Contrasting English and Scottish residents in the Scottish highlands and islands

Paul Joseph Boyle

    Research output: Contribution to journalArticlepeer-review

    17 Citations (Scopus)

    Abstract

    In a previous paper the flows of migrants into the Scottish Highlands and Islands from the remainder of Britain were modelled using data from the 1991 British Census Special Migration Statistics. The findings suggested that middle class immigration from southern England continues to be a notable element of the population change in this remote rural destination. The individual-level analysis presented here uses a logit modelling approach to identify and contrast the characteristics of the English and Scottish residents in this destination area using data extracted from the 1991 British Census Sample of Anonymised Records (SARs). The results show that the socio-economic characteristics of the English and Scottish residents in the Scottish Highlands and Islands differ considerably. The family circumstances of English and Scottish residents were distinct with the English being more likely to be in 'non-traditional' households. English-born residents in the Highlands and Islands are also significantly different to the English living elsewhere in Scotland.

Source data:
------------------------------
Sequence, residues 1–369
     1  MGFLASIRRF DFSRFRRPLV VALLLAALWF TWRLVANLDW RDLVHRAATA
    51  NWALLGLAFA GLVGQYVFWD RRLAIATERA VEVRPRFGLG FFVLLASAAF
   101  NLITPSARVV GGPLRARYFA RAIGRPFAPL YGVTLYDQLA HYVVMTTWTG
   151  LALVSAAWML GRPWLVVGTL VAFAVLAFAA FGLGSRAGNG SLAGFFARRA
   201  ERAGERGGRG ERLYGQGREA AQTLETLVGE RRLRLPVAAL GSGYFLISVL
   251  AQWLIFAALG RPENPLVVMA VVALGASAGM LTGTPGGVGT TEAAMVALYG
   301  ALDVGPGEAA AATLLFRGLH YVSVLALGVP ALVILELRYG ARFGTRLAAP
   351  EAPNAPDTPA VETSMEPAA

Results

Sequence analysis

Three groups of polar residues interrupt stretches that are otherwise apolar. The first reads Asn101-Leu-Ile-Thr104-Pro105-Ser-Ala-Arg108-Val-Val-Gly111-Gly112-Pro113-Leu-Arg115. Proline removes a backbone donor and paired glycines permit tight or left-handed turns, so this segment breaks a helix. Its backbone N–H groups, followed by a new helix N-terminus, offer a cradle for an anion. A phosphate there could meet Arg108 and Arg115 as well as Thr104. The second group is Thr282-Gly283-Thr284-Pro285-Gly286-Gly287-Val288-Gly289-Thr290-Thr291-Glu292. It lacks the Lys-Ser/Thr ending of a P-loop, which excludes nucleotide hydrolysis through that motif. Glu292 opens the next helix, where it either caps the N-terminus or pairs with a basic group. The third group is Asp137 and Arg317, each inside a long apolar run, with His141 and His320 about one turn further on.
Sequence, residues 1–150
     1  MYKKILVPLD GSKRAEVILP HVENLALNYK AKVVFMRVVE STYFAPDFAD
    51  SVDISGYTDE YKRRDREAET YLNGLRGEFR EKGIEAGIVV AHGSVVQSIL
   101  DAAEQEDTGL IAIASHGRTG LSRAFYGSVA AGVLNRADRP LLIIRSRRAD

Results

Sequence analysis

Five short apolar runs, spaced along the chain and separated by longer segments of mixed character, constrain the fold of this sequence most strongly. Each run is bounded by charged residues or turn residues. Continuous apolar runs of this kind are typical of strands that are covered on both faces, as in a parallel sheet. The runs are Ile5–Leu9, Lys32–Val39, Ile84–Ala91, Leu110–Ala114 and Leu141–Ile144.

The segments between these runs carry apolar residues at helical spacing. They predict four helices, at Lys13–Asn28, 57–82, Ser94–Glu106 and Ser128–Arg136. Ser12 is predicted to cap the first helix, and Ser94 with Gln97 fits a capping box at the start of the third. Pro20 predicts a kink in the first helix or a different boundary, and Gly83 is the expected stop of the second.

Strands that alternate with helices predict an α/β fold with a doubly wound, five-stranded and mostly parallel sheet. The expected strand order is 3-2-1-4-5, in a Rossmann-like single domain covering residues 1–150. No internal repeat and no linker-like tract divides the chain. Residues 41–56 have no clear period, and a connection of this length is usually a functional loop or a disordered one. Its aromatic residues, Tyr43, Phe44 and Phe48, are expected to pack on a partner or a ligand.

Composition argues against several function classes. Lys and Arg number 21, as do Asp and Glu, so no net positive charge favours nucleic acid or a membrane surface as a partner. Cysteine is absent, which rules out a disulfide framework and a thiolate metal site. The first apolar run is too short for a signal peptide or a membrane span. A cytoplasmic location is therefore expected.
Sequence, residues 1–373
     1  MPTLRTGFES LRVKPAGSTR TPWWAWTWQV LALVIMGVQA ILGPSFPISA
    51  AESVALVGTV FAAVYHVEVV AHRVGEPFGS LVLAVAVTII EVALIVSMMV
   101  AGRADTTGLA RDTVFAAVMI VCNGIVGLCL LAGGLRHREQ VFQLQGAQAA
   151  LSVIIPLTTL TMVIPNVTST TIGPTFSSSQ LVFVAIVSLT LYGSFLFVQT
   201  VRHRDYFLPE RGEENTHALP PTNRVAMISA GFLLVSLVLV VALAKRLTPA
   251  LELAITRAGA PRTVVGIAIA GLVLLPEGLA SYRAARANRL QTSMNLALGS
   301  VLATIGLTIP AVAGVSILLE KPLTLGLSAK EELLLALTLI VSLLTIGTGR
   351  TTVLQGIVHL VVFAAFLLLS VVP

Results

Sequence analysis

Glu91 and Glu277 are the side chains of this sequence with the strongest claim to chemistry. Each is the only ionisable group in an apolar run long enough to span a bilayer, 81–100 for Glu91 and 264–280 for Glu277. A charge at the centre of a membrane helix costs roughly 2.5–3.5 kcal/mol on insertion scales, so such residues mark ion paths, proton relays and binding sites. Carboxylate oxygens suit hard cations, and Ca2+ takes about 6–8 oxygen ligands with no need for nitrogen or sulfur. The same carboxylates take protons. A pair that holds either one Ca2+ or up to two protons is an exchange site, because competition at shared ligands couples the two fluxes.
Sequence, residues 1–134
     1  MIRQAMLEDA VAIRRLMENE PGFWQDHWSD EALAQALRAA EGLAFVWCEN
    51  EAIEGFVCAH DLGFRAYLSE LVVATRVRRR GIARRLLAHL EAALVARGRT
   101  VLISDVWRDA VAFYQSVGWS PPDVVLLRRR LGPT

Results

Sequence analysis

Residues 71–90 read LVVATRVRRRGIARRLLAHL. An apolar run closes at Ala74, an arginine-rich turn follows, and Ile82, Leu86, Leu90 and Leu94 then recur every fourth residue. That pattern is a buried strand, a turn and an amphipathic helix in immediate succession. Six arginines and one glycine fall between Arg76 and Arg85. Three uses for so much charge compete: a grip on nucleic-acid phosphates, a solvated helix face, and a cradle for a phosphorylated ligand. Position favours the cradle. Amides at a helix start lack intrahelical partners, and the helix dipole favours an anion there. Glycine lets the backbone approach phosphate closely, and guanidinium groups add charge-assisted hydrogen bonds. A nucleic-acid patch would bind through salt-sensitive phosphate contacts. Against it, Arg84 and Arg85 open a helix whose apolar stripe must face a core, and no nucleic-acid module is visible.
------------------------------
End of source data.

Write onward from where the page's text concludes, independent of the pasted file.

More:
Original languageEnglish
    Pages (from-to)98-104
    Number of pages7
    JournalScottish Geographical Magazine
    Volume113
    Publication statusPublished - Aug 1997

    Keywords

    • Highlands and Islands
    • logit modelling
    • migration
    • Sample of Anonymised Records
    • Scotland
    • COUNTER-URBANIZATION
    • MIGRATION
    • ENGLAND
    • DECLINE
    • WALES
    • URBAN

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